You will agree, the transformation is astounding. A whole team of individuals from a wide range of backgrounds rolled up their sleeves and got stuck in. This was a team effort of individuals coming together to create a stunningly beautiful multipurpose room that will give a benefit to the communty for years to come.
There is still some work to complete, lighting, heating, overhead projector and screen. The team have successfully raised funds with a grant from the Millennium Point Foundation to install the new sub-mains. The teams will also be working with apprentices from Dudley College, to share their skills with young people.
This project will enable these young people to showcase their newly learned skills on a heritage building, that in time, they can show to their children and grandchildren.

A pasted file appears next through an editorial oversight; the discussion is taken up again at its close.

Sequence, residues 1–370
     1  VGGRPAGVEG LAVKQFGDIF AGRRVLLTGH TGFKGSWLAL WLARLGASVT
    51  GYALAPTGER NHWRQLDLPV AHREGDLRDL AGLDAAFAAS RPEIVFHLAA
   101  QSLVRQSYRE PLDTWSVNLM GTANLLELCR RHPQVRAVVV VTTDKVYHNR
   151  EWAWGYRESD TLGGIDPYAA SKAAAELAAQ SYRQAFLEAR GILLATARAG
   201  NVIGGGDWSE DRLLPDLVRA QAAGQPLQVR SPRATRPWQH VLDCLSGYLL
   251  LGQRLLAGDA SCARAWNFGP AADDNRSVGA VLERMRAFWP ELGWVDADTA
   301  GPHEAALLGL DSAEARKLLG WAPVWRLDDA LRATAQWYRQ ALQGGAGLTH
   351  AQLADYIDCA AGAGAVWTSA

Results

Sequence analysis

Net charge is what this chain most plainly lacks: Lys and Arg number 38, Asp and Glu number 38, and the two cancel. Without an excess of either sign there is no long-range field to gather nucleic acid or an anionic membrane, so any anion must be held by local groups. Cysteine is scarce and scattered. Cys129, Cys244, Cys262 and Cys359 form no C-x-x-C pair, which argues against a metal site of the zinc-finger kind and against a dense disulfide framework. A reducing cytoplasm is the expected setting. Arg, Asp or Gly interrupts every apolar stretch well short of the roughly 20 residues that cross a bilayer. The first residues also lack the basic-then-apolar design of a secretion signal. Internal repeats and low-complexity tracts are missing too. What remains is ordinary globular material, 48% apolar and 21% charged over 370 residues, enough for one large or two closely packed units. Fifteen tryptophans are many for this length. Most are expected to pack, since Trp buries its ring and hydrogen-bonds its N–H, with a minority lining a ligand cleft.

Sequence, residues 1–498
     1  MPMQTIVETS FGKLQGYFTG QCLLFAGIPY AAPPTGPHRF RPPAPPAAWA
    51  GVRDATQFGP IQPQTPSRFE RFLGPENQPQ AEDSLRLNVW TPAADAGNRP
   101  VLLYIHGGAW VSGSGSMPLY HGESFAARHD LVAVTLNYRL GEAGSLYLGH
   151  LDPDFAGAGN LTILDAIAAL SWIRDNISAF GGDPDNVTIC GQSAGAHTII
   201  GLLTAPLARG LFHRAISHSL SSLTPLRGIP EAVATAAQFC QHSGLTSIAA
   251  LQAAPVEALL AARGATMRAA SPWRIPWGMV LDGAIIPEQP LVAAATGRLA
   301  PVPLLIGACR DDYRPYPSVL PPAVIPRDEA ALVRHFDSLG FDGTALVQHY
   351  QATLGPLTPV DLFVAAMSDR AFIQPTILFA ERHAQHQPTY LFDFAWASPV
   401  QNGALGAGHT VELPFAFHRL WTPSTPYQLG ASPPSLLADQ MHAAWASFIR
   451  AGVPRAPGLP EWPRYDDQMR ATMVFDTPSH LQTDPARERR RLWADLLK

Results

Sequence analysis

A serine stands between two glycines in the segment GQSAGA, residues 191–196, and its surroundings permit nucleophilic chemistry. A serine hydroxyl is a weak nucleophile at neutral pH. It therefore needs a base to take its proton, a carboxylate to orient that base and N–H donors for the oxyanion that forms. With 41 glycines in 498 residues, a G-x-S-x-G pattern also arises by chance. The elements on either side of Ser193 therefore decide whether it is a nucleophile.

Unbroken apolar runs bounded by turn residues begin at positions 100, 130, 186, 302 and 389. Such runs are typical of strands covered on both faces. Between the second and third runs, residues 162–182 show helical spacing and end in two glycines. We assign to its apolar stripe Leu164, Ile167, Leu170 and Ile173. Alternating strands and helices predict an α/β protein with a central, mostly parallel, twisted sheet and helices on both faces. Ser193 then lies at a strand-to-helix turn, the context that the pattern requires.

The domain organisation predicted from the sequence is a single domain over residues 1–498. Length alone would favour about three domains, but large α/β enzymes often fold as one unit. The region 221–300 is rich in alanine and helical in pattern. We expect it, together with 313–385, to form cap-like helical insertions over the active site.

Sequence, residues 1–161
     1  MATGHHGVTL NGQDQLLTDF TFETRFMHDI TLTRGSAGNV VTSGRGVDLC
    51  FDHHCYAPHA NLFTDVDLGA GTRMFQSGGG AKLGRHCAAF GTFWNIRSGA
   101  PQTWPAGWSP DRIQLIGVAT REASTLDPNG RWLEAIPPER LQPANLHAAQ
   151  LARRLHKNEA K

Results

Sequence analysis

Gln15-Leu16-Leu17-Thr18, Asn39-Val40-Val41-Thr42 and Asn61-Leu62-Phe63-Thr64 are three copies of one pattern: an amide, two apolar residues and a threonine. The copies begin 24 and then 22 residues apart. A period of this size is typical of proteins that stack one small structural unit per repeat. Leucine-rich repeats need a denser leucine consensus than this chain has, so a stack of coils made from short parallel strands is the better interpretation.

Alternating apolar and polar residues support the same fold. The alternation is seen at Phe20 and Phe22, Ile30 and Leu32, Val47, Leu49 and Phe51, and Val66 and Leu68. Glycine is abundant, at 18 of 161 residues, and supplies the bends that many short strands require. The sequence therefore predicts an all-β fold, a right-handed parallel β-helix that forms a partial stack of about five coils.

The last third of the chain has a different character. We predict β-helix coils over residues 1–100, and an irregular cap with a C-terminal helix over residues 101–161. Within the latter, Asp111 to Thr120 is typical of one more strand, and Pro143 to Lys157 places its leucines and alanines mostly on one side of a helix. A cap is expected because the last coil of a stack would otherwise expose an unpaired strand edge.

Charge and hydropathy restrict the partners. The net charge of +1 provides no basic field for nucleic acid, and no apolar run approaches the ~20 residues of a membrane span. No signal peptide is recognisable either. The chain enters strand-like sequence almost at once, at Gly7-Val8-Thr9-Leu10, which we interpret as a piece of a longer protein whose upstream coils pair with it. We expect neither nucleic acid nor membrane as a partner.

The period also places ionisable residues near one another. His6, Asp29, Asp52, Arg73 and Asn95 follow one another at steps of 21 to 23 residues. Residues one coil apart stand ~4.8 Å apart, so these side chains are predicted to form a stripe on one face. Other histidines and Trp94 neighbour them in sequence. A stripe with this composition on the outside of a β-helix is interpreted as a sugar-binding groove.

This is a small part of a significant project that will see opportunity for all, potential fulfilled and talent fully utilised. So, how much will this fully equipped beautiful multipurpose room cost to hire?
Here at the Lichfield Waterworks Trust, money will never be a barrier to opportunity. So, all we ask is that you take what you need and give what you can, a donation will be fine.
I never fail to be impressed with the effort’s individuals go to, to promote our industrial heritage; today was no exception.